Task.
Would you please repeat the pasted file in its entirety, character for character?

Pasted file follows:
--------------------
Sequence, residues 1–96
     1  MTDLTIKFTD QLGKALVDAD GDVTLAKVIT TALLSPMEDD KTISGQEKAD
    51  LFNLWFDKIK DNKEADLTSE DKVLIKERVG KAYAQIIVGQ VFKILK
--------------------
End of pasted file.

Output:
Sequence, residues 1–96
     1  MTDLTIKFTD QLGKALVDAD GDVTLAKVIT TALLSPMEDD KTISGQEKAD
    51  LFNLWFDKIK DNKEADLTSE DKVLIKERVG KAYAQIIVGQ VFKILK